Debut novel by New York Times Pulitzer-winning correspondent Egan (Lasso the Wind, 1998, etc.) about a young woman’s quest to uncover the cause of her brother’s death.
When young Angelo Cartolano moved to the Pacific Northwest just after WWII, he came up with the idea of importing grapes from his native Italy and eventually created the first (and, many believe, the best) winery in Washington State. But after 50 years, Angelo is getting on. His daughter Brunella is an architect in Seattle, currently working as consultant to a developer who wants to reclaim an abandoned fishing village on the Puget Sound; his son Niccolo is a smokejumper in the Forest Service. An extended drought has led to a series of disastrous firestorms in the region, and Niccolo is killed fighting one of them. Angelo and Brunella are both devastated, but their shock turns to horror when they learn that the Forest Service has begun an investigation into claims that Niccolo’s own incompetence led to his death and those of the men under his command. Brunella, meanwhile, finds herself at the center of a controversy when she testifies at the last minute against the development she had been hired to vet. She also learns that a nearby Indian tribe is trying to siphon off water supplies in order to construct a casino on its reservation, and she begins to suspect that this may have had something to do with the failure of the fire pumps that led to her brother’s death and vilification. Overwhelmed by such revelations, Brunella flees to Italy and tries to begin a new life. But family ghosts are not so easily stilled.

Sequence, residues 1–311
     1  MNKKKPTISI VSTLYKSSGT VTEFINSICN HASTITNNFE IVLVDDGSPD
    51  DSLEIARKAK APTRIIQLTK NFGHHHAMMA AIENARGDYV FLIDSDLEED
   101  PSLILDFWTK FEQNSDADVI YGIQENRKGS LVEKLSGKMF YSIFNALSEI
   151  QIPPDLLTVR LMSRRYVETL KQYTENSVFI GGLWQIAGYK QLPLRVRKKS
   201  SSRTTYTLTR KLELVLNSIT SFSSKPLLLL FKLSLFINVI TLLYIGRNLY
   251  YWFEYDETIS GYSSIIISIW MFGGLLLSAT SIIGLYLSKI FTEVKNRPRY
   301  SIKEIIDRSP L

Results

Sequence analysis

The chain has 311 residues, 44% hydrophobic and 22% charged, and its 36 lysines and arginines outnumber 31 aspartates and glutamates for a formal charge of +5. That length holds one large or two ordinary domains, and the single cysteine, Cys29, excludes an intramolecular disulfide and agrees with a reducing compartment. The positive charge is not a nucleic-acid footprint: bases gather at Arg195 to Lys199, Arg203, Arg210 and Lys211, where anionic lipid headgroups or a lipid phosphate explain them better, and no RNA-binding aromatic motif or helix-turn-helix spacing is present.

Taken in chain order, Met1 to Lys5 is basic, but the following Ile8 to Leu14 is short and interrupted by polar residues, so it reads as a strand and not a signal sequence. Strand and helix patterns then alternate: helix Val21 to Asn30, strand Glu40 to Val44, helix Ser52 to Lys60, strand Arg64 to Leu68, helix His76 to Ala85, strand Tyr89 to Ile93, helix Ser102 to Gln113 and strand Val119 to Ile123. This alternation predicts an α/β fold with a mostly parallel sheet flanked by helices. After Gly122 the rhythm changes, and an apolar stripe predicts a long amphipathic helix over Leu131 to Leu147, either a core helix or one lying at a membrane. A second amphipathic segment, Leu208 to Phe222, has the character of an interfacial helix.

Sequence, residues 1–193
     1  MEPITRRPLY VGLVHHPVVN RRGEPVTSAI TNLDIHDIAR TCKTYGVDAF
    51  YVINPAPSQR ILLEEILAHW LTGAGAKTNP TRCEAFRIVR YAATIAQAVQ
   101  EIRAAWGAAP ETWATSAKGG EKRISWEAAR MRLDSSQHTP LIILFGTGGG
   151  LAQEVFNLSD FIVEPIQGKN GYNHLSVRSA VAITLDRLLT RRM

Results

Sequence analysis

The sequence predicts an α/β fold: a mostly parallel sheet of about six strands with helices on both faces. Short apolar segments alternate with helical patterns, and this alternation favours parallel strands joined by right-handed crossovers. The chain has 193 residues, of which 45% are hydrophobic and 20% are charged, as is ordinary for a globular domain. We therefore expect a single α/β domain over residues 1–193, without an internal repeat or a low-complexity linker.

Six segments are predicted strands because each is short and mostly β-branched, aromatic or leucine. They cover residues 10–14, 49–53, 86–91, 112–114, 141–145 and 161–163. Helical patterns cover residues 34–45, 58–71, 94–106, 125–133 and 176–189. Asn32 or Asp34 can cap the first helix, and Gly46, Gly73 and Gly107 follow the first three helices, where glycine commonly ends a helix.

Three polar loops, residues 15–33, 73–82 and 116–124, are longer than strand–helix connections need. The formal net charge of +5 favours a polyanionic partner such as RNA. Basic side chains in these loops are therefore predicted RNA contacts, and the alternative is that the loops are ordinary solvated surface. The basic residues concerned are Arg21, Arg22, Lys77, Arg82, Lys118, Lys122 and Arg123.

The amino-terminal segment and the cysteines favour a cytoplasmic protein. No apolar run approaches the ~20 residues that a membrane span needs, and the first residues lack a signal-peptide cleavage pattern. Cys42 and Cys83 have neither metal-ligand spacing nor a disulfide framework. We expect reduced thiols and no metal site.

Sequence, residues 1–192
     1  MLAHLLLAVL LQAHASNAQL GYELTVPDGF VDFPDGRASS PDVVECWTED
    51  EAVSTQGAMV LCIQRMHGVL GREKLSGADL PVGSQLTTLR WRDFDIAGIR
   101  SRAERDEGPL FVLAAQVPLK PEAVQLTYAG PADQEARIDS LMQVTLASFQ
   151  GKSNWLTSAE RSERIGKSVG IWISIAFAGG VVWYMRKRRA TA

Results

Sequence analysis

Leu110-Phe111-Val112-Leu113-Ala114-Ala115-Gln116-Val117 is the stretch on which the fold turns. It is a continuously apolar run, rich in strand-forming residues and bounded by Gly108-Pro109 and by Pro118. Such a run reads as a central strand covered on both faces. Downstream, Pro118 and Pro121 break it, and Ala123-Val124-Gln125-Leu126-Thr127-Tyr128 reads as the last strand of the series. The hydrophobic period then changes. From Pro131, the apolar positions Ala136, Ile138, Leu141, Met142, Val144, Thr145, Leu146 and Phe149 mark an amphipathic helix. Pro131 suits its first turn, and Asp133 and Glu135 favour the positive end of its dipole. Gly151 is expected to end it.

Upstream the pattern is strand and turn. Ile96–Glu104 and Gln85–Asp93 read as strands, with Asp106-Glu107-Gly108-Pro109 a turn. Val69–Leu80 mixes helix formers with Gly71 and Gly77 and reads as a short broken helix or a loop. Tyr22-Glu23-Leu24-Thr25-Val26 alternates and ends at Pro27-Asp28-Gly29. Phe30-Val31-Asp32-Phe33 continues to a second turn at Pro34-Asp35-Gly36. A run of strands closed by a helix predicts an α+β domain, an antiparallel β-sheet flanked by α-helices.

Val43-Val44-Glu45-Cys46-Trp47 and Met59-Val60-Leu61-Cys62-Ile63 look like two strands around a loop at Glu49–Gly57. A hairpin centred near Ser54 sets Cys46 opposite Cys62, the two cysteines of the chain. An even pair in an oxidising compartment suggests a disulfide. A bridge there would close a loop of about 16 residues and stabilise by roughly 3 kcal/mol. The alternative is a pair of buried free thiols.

A rollicking soap opera with as many twists as a corkscrew, written with an investigative reporter’s eye for detail and nose for coincidence—even though, like a good Barolo, it’s a bit too strong to swallow in one gulp.